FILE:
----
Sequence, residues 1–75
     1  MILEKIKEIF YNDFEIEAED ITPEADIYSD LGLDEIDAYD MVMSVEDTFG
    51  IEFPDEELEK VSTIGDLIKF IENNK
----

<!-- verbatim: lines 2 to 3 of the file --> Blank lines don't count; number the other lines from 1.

     1  MILEKIKEIF YNDFEIEAED ITPEADIYSD LGLDEIDAYD MVMSVEDTFG
    51  IEFPDEELEK VSTIGDLIKF IENNK